What we have now is not merely too many teams, but too many teams that lack real identities -- when you imagine an upcoming game on Sunday or Monday, it's hard to imagine the matchups and the character of a given team. That goes against the game's great virtue -- when it bypassed the college game in the late '50s and early '60s, and became the peer of professional baseball, it was precisely the quality of identity, team-by-team, which worked for it. The quality of identity was aided greatly by the pro game's continuity. College football had been exciting, but players did not stick around that long, just two or three years in those days. But when they got to the professional game, they often had careers of 10-12 years, as did many of their teammates, and as such, a game between two distant cities, cities the average fan did not necessarily live in, had an uncommon allure, because we knew so much about both teams. The continuity and identity of the teams overcame the limits of geography. The game was so good that provincialism mattered very little. That's been lost, and a critical loss it is.

I think the game is in trouble -- too many games that just aren't very good and have no resonance for the serious fan. The trouble with "Monday Night Football" has not been the broadcast booth (though Dennis Miller was just awful, bringing almost nothing in the way of insight, and giving us a stale, rather smarmy kind of humor, humor that always seemed self-conscious, and more than a little out of synch with the game itself, allegedly funny lines that seemed to be written before the game, and then tossed in as if they were spontaneous). The problem is the quality of the games themselves ... they are all too often clunky, they all too often feature teams not many of us care about, and they seem to go on well into Tuesday morning. If the games are good, people will know, and if they're not, no amount of redoing the broadcast booth will help.

***** *** *****

Could we all slow down our adoration of Jeremy Shockey just a bit? Could we teach him a little restraint on the field? Does he know that there are 10 other players on each play, and another 11 on defense? Could someone please let him see some old clips, showing how Mark Bavaro, his predecessor at tight end, behaved when he caught a pass for a first down (great modesty, high professionalism), let alone a touchdown pass (great modesty, high professionalism)? Could we nip this bit of hot dogging -- almost surely much of it agent-inspired -- while there's still time?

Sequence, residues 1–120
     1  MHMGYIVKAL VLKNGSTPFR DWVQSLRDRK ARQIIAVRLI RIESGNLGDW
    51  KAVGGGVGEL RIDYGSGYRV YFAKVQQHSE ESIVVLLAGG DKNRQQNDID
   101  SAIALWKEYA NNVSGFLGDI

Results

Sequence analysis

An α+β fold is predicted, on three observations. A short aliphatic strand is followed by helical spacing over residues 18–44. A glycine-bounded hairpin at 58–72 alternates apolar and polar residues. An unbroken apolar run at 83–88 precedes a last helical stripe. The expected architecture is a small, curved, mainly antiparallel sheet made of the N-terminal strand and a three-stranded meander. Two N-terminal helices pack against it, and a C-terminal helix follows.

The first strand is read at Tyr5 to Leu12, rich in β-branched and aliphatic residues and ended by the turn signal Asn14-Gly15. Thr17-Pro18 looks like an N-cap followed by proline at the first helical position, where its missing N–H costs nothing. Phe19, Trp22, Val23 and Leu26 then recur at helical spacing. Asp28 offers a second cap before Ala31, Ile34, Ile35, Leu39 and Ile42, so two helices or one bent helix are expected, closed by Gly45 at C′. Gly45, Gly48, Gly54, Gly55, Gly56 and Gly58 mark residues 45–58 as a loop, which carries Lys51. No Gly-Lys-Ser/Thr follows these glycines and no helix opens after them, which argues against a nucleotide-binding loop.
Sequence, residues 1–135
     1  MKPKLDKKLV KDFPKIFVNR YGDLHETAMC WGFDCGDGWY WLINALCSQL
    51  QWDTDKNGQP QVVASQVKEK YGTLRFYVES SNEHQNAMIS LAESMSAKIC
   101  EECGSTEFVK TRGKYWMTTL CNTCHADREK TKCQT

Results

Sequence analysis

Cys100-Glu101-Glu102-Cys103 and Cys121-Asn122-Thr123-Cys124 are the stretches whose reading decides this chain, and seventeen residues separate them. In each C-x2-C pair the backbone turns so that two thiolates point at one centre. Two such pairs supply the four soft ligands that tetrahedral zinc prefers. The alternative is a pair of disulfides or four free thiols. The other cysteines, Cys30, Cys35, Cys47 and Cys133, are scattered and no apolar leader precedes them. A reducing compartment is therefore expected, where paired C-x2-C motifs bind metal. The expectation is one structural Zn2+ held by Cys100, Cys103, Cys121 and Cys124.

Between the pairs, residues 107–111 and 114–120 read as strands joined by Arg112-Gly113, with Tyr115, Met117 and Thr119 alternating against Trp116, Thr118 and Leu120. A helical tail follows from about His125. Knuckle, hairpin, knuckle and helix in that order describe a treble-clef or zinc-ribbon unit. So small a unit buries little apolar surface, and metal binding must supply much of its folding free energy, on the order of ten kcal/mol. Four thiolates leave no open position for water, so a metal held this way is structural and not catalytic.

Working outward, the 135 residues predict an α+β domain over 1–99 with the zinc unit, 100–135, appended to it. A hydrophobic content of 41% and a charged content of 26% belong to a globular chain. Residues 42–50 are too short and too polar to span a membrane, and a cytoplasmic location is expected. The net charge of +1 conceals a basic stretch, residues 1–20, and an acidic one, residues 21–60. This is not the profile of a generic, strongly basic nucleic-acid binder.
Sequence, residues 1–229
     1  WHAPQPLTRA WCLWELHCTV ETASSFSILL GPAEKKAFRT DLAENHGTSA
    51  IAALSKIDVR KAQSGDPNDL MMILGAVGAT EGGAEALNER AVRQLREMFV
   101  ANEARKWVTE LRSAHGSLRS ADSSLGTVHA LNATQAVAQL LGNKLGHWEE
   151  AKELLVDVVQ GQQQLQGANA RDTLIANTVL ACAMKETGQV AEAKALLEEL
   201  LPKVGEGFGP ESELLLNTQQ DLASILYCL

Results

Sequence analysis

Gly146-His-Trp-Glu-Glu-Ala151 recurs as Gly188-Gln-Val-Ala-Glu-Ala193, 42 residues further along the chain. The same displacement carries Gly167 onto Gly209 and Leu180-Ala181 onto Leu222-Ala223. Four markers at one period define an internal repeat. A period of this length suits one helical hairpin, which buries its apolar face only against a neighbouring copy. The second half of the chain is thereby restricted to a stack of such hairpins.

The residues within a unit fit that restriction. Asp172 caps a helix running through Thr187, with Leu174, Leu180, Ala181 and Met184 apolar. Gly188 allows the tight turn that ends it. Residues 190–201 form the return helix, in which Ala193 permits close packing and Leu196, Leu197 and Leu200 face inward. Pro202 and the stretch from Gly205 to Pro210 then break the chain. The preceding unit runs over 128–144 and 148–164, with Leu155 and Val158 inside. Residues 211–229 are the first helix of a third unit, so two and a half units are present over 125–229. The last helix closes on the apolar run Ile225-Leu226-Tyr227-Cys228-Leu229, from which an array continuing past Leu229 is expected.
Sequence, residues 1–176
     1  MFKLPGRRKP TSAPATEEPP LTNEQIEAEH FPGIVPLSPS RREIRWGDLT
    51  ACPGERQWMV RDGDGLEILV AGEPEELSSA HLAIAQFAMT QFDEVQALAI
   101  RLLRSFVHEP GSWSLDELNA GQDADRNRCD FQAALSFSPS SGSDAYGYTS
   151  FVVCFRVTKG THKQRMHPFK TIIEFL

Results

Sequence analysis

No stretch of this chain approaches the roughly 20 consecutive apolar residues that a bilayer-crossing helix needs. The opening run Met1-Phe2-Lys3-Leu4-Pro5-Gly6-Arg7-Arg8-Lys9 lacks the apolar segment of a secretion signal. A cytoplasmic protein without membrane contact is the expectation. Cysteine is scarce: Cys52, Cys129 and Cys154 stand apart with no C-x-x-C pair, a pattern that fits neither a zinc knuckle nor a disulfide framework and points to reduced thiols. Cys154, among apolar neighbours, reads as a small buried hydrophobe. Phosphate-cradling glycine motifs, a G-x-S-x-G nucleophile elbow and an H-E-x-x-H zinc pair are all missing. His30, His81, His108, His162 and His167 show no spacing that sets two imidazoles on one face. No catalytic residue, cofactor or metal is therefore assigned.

Jeremy Shockey
Shockey show-boating should be the first to go.
I think he's probably going to be a very good football player, but can we be spared the growing evidence of unacceptable self-promotion? I know it's an adrenalin game and emotion plays a big part. But there's a big difference between playing with emotion and show-boating, and calling too much attention to yourself, and we all know the difference, as do referees and opposing players. He's been lucky not to have drawn more penalty flags for showboating so far, and lucky that some defensive players are not head-hunting him.

In addition could we not be told that he's charismatic (almost surely because he's white and has a lot of blond hair, and his helmet seems to be off a great deal of the time)? Believe me, we'll know when he's charismatic. No one will need to tell us -- it's one of the great things about being charismatic. Jerry Rice was charismatic, and he never had to hot dog. All he did was play at an exceptional level game after game and work as hard in the off-season as he did during the season itself. Barry Sanders was charismatic, and he never showboated. It can be done.

Pulitzer Prize-winning author David Halberstam, who has written 12 best sellers, including "Playing for Keeps: Michael Jordan and the World He Made," "The Best and the Brightest," "The Powers That Be," "The Reckoning" and "Summer of '49," writes occasionally for Page 2.